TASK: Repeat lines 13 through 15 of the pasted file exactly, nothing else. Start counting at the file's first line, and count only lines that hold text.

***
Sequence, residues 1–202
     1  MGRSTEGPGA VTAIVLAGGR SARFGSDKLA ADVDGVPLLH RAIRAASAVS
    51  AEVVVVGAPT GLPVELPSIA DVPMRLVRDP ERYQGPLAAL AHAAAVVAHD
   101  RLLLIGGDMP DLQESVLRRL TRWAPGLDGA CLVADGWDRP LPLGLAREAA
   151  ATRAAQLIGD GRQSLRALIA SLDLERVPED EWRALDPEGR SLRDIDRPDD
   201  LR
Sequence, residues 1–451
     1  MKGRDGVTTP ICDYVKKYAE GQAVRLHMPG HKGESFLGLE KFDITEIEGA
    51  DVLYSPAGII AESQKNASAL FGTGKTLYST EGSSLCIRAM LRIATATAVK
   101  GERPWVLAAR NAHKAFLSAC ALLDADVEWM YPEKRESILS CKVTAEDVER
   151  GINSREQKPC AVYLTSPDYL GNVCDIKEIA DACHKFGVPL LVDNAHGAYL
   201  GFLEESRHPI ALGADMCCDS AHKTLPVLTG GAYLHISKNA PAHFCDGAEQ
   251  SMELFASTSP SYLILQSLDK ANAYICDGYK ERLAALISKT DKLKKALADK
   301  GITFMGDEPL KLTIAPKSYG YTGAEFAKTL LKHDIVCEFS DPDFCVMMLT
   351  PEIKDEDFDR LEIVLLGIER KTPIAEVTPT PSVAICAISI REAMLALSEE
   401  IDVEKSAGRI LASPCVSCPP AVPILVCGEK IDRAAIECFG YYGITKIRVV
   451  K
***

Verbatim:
   251  SMELFASTSP SYLILQSLDK ANAYICDGYK ERLAALISKT DKLKKALADK
   301  GITFMGDEPL KLTIAPKSYG YTGAEFAKTL LKHDIVCEFS DPDFCVMMLT
   351  PEIKDEDFDR LEIVLLGIER KTPIAEVTPT PSVAICAISI REAMLALSEE